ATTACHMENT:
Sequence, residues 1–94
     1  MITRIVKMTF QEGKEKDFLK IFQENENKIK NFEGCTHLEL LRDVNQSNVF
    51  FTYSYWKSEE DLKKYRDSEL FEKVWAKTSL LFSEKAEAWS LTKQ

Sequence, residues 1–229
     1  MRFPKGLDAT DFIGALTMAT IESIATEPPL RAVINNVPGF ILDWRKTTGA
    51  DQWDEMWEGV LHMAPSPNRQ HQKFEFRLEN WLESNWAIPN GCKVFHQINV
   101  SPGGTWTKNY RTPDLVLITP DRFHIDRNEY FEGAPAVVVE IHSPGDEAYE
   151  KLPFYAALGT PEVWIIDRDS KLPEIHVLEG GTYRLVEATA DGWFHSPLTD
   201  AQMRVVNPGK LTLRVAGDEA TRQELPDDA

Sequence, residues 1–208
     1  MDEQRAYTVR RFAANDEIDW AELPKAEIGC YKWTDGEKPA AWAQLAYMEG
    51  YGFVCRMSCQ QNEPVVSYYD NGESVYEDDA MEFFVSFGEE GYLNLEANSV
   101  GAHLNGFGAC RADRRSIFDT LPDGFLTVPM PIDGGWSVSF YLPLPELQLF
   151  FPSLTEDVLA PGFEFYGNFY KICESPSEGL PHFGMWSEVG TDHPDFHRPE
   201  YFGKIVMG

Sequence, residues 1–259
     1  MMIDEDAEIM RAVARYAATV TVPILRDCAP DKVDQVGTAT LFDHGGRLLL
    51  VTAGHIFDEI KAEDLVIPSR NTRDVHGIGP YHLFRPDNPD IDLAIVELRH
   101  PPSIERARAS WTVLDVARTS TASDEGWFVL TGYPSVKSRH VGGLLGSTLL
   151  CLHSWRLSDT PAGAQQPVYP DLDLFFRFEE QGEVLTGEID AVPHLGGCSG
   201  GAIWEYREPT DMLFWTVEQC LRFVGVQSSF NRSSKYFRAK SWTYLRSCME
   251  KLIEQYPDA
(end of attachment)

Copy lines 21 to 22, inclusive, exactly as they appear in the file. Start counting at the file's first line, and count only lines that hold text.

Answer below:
   201  GAIWEYREPT DMLFWTVEQC LRFVGVQSSF NRSSKYFRAK SWTYLRSCME
   251  KLIEQYPDA